What is Citric Acid?

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Citric acid is a white powder used to give a sour taste to beverages and food products. It is also used as a preservative to prevent spoilage because it increases the acidity of products and many bacteria that cause food spoilage are unable to grow in an acidic environment. It is also used in dietary supplements because the body absorbs minerals better when they are attached to citric acid.

How is Citric Acid made?
Citric acid is found naturally in citrus fruits, but producing citric acid from citrus fruits is very expensive and the demand for citric acid is greater than the available supply of citrus fruits. Therefore, when you see citric acid on a product label, you can be sure that it is a powder that was made from the fermentation of sugars.

A culture of Aspergillus niger (a fungus commonly used in the pharmaceutical industry) is fed with sugar and metabolizes it into a liquid solution. The solution is mixed with lime (calcium hydroxide) which causes citrate salt to come out of the solution (precipitate). The citrate salt is then treated with sulfuric acid to make useable citric acid.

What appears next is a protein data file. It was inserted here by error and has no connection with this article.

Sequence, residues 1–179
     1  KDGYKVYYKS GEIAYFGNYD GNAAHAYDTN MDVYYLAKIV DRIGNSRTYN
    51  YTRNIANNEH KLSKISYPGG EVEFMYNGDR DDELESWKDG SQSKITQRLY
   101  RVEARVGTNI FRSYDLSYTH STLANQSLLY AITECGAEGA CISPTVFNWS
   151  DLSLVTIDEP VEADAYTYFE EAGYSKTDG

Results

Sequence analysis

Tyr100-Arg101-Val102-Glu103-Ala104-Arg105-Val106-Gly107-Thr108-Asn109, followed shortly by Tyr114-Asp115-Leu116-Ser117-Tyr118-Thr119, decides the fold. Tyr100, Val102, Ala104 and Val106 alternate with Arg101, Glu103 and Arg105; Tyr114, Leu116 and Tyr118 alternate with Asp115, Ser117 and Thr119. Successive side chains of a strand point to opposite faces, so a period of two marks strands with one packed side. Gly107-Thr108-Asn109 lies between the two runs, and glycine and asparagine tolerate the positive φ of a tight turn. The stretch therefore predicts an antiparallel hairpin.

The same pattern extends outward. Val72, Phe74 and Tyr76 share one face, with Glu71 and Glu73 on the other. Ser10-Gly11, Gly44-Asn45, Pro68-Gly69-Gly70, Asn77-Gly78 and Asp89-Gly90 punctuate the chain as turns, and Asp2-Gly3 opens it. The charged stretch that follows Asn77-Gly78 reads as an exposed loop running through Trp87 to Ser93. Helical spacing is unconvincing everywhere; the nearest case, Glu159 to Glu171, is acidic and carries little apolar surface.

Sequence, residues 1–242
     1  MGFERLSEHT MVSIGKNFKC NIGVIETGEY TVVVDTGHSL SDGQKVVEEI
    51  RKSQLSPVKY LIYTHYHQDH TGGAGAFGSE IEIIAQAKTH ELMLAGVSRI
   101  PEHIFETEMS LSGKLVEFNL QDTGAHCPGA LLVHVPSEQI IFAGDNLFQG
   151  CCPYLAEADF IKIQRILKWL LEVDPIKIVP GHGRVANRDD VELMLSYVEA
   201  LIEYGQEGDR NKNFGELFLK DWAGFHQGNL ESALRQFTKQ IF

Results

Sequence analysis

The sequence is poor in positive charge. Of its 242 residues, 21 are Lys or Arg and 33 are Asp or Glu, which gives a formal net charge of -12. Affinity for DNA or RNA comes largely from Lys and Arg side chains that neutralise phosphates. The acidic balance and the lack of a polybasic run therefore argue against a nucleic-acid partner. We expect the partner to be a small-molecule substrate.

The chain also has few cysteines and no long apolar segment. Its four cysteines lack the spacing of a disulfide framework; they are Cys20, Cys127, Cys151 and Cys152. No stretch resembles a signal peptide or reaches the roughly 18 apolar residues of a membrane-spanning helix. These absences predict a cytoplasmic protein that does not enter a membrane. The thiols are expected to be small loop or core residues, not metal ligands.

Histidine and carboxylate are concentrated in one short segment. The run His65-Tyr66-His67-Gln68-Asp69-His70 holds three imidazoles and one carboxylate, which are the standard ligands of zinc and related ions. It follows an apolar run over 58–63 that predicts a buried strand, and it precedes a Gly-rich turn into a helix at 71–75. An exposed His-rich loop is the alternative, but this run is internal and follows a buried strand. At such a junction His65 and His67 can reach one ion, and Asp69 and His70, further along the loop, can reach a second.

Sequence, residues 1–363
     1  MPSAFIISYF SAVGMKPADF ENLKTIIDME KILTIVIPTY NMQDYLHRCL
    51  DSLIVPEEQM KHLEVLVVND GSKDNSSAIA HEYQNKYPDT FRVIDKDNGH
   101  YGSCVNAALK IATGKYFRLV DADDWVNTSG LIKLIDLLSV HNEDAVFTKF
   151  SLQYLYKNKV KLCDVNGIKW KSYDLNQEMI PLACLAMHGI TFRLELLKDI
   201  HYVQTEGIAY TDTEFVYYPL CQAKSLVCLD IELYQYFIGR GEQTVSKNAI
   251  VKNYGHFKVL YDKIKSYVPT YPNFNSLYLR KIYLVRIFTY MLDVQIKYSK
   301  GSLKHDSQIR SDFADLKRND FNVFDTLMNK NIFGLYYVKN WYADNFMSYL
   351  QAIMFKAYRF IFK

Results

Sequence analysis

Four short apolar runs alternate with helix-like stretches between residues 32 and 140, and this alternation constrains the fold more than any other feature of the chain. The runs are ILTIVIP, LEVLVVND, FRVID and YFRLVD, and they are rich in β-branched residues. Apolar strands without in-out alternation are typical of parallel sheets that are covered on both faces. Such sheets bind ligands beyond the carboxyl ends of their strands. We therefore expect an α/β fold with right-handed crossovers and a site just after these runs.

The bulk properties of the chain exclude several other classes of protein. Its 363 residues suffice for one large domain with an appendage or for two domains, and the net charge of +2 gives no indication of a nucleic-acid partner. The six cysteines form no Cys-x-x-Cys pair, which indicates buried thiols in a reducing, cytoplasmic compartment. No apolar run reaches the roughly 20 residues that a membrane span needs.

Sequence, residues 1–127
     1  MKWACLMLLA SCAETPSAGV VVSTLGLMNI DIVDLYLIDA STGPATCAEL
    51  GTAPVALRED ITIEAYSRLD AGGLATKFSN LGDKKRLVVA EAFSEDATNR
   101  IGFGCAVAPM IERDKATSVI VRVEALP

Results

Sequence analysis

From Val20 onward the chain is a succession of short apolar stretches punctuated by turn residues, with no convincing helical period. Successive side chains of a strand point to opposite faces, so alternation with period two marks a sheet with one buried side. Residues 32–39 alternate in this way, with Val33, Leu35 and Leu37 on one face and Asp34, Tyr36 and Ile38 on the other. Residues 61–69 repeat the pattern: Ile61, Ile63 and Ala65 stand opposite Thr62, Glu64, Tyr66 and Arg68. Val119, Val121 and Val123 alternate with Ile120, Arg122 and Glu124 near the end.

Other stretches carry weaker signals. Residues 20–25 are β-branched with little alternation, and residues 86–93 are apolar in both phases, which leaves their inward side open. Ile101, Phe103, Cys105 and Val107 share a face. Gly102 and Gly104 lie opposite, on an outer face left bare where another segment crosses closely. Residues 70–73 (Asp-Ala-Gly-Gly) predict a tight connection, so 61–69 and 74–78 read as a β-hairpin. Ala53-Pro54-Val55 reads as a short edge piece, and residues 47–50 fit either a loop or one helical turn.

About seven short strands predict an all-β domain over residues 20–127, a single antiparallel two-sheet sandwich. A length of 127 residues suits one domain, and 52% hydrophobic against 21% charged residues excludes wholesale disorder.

The sugars that are used for the citric acid can be derived from cane sugar, corn or wheat. In the United States, citric acid is most often derived from corn since it is a cheap, subsidized crop. In South America cane sugar is often used due to the low sugar prices, while in Europe wheat sweeteners are commonly used.

Is Citric Acid Kosher?
Every fermentation process causes kosher concerns due to the ingredients that are used to make the fermentation more effective. OK Kosher recommends using citric acid only with a reliable kosher certification.

Citric acid from cane sugar can be kosher for Passover, wheat based citric acid is chometz, and the corn based citric acid is considered kitniyos shenishtanah (changed to a different entity during the process).

The OK does not rely on the leniency of kitniyos shenishtanah and you can be sure that the source of the citric acid is cane sugar when you see the OK-P symbol on a product containing citric acid.

Rabbi Hendel is a member of the OK Kosher Vaad HaKashrus.

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